Review: Valkyria Chronicles 2
Giving an underrated game a sequel on different system would normally be a death sentence but Sega has handled the transition from console to portable superbly with Valkyria Chronicles II, proving that bringing the series to a mobile platform was a great choice. The World War-style third-person shooter/SRPG battles work well on the PSP because of the simple fact that the system can be put to sleep and taken with you - a big plus for a game that can range between 30 and 100+ hours.
The first Valkyria Chronicles game graced the PS3 with beautiful animated watercolor cutscenes, an interesting war storyline, and one hell of a battle system. Its sequel continues the tradition of the first game with some tweaks, both good and bad.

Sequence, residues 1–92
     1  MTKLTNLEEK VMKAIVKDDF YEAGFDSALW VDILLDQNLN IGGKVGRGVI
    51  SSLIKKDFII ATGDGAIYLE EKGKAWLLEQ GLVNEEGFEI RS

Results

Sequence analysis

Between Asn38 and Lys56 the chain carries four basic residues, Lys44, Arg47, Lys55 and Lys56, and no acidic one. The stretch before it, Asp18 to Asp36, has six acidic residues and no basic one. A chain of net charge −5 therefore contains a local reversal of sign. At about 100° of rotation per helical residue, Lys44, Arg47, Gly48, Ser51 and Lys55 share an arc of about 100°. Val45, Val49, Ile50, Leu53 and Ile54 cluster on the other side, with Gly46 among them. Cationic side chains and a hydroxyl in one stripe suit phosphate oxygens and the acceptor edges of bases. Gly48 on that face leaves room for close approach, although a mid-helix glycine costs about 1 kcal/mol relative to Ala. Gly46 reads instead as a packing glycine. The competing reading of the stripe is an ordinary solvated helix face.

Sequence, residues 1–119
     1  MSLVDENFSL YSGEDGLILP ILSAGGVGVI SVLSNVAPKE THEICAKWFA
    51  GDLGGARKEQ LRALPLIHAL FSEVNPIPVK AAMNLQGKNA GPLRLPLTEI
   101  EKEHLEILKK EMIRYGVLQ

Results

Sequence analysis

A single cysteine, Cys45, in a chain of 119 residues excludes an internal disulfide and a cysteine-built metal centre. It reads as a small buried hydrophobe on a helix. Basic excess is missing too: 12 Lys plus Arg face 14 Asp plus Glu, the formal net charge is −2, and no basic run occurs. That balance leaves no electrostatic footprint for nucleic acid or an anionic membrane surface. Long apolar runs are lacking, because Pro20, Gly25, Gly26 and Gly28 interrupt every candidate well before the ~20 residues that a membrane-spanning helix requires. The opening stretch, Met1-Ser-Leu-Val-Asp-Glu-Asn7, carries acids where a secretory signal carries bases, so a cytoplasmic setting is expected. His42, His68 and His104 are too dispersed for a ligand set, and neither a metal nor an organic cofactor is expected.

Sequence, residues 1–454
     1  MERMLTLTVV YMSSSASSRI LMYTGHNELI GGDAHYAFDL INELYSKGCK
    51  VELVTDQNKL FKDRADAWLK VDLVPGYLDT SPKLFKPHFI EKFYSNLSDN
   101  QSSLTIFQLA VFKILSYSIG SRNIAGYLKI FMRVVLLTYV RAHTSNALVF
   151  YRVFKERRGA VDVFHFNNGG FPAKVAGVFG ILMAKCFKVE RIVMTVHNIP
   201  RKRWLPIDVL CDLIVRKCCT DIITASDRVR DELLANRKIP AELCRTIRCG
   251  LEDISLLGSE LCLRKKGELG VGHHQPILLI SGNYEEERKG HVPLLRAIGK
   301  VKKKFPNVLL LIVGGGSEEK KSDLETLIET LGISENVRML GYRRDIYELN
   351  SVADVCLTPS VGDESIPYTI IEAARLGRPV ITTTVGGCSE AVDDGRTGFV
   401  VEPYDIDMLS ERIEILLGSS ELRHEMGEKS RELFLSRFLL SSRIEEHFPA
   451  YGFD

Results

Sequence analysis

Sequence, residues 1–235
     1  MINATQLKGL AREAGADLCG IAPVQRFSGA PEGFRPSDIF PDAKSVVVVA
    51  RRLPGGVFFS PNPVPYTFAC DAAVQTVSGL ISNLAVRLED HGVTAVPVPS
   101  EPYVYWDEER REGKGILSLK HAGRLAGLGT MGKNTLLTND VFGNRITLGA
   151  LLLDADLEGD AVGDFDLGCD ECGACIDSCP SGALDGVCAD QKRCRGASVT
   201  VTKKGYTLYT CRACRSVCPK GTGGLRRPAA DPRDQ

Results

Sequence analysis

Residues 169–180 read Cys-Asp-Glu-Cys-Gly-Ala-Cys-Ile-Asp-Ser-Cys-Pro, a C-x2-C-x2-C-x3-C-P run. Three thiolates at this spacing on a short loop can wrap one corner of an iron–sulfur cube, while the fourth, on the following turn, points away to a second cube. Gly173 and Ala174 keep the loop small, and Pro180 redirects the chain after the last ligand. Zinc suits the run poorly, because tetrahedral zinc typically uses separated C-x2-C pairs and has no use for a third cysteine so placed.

The story starts off light but eventually intermingles more serious politics and war plots with the zany classroom interactions of your battalion of students. Two years after the first game’s defeat of the Imperial Army, the Gallian Revolutionary Army begins a civil war and ethnic cleansing campaign against the dark-haired Darcsen race. Their demands are for the nation’s leader, who revealed herself to be of Darcsen decent and not of the hailed-as-gods Valkyrur race, to step down, though she refuses and violence ensues. At the same time, 17-year-old Avan joins the Lanseal Military Academy in order to uncover the classified reason for his enlisted brother’s death, and ends up leading the horrendous misfit of a class called Squad G. Be warned, however, though this plot sounds mature this is actually a Japanese classroom-based RPG, and that fact alone may be a deal-breaker for many.